Politics

Federal judge overturns assault weapons ban in California, calling 32-year-old law unconstitutional

A federal judge Friday overturned California’s 32-year-old ban on assault weapons, ruling that it violates the constitutional right to bear arms.

U.S. District Judge Roger Benitez of San Diego ruled that the state’s definition of illegal military-style rifles unlawfully deprives law-abiding Californians of weapons commonly allowed in most other states and by the U.S. Supreme Court. “Under no level of heightened scrutiny can the law survive,” Benitez said. He issued a permanent injunction against enforcement of the law but stayed it for 30 days to give state Attorney General Rob Bonta time to appeal.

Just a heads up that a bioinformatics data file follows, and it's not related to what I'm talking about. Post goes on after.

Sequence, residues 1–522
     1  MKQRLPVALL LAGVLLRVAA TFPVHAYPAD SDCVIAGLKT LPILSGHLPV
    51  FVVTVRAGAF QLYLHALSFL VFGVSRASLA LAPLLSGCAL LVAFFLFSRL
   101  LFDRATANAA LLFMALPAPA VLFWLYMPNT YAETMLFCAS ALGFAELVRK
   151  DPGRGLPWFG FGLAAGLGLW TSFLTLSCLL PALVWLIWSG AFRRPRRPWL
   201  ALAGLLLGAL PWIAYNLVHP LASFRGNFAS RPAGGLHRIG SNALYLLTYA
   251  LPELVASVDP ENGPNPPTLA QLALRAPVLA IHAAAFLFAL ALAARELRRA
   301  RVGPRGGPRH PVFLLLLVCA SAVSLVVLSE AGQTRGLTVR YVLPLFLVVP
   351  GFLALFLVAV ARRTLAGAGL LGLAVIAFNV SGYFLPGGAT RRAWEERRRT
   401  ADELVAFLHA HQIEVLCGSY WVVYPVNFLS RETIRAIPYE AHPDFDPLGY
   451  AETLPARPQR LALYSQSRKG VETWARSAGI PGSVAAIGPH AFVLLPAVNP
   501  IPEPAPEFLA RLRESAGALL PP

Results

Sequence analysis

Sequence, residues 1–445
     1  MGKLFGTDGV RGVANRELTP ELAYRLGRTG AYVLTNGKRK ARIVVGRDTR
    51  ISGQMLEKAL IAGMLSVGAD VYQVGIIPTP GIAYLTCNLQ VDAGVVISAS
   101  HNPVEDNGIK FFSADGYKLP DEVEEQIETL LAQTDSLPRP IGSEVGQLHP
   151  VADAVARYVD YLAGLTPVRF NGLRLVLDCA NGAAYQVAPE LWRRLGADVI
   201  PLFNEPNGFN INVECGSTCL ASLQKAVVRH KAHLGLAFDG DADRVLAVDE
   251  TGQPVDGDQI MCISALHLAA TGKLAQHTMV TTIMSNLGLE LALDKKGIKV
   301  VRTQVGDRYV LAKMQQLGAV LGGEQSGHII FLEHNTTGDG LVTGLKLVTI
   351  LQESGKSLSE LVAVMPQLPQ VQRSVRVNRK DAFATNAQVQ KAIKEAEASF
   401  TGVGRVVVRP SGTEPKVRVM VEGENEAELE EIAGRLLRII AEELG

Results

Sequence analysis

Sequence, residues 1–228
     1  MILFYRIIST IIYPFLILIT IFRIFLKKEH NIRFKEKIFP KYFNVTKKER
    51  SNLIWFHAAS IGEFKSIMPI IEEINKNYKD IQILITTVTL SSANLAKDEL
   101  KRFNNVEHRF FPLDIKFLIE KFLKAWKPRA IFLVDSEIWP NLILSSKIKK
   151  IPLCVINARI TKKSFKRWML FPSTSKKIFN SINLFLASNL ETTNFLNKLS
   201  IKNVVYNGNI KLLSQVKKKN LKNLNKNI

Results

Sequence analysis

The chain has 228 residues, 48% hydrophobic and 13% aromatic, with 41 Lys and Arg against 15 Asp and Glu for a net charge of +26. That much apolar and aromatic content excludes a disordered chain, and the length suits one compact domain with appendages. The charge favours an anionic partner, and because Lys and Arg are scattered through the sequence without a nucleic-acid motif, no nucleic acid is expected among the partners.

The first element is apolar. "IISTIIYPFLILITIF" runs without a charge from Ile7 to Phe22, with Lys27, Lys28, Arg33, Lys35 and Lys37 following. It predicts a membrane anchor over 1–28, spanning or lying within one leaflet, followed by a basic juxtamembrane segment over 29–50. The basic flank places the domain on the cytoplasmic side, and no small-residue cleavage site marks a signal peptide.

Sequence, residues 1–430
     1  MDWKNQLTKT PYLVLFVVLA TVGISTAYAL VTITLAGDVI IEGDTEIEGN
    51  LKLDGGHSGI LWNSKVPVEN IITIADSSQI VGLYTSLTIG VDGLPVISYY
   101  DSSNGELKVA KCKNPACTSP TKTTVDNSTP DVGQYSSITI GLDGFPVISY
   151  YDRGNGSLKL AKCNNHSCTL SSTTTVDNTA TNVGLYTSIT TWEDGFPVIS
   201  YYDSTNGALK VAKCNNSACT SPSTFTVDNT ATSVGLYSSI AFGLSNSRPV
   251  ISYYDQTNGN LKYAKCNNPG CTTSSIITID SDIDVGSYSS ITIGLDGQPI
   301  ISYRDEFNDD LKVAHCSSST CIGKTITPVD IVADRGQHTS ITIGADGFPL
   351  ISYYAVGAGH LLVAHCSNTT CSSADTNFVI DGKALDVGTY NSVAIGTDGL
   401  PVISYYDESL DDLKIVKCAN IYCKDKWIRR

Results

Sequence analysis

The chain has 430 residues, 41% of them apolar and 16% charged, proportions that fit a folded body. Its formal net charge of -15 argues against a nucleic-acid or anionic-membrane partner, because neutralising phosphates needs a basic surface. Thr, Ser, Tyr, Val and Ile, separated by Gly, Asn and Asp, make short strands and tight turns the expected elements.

Judge Benitez noted that the case was about “what should be a muscular constitutional right and whether a state can force a gun policy choice that impinges on that right with a 30-year-old failed experiment.” He continued, saying, “It should be an easy question and answer.” Judge Benitez, who was nominated by former President George W. Bush, stated that “Government is not free to impose its own new policy choices on American citizens where constitutional rights are concerned.” Judge Benitez said that the firearms banned under the state’s law were not “bazookas, howitzers or machine guns,” but rather “fairly ordinary, popular, modern rifles.”

ARTICLE: PAUL MURDOCH
MANAGING EDITOR: CARSON CHOATE
PHOTO CREDITS: MOTHER JONES

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